Microsoft (NASDAQ:MSFT) recently partnered with home improvement retailer Lowe's Companies (NYSE:LOW) to showcase its AR headset in a retail setting. In select stores, customers will be able to use the HoloLens to "visualize" the changes they want to make to their homes.
For example, customers can digitally "fill in" an in-store kitchen with holograms of cabinets, countertops, and other appliances, then make small adjustments to how they look. As a user customizes a room with the HoloLens, the view is synced to a Surface tablet so another customer or Lowe's employee can monitor his or her progress. The program has already launched in the Seattle area, where Microsoft is based, and will eventually expand near Lowe's headquarters in Raleigh, North Carolina, and possibly the rest of the country.
What does this mean for Microsoft?
Microsoft started shipping the development kit version of the HoloLens, which costs $3,000, on March 30. The company hasn't stated when it will launch the AR headset commercially, but it previously showcased how it can be used for various gaming, remote communications, digital design, and enterprise applications.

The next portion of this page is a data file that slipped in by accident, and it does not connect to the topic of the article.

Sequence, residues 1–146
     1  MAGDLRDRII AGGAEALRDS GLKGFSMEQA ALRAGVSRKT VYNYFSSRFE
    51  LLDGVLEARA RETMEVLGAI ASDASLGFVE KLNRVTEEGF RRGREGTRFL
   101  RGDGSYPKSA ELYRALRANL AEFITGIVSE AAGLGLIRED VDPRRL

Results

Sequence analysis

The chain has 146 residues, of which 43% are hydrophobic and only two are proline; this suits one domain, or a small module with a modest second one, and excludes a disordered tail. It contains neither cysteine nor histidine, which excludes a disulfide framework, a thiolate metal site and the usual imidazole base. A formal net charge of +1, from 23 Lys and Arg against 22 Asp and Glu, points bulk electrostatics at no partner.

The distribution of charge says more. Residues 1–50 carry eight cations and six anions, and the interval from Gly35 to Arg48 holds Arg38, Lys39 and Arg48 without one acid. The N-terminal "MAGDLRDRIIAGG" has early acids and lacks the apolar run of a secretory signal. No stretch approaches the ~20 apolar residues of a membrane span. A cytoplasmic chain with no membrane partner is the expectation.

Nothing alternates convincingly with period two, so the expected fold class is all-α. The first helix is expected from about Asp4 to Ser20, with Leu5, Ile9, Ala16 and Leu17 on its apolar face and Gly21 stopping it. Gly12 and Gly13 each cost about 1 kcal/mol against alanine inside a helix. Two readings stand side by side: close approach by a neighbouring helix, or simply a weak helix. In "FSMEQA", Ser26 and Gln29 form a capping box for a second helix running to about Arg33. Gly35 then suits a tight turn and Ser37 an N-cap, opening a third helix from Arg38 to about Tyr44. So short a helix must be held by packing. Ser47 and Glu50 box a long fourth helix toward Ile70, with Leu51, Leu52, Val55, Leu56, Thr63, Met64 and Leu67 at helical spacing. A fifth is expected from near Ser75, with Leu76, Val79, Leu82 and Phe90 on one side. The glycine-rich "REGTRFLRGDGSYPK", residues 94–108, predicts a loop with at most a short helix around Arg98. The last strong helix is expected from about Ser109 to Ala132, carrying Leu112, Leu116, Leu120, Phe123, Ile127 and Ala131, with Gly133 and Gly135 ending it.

Showcasing the HoloLens in Lowe's stores serves as a live, practical demo, which could pique mainstream interest. If the interactive showrooms in the HoloLens encourage more Lowe's customers to make purchases, competing retailers might also pursue partnerships with Microsoft. Microsoft and Lowe's aren't the first companies to use AR apps to sell home furnishings -- back in 2013, IKEA launched an AR app that let users place virtual furniture in their own living rooms.
A $90 billion market opportunity
Tech M&A advisory firm Digi-Capital claims that the AR market will grow from practically nothing today to $90 billion by 2020. Nearly half of that growth is expected to be driven by sales of AR hardware like the HoloLens. Microsoft's partnership with Lowe's represents a step in the right direction, but it needs to secure more retail partnerships to generate stronger mainstream interest.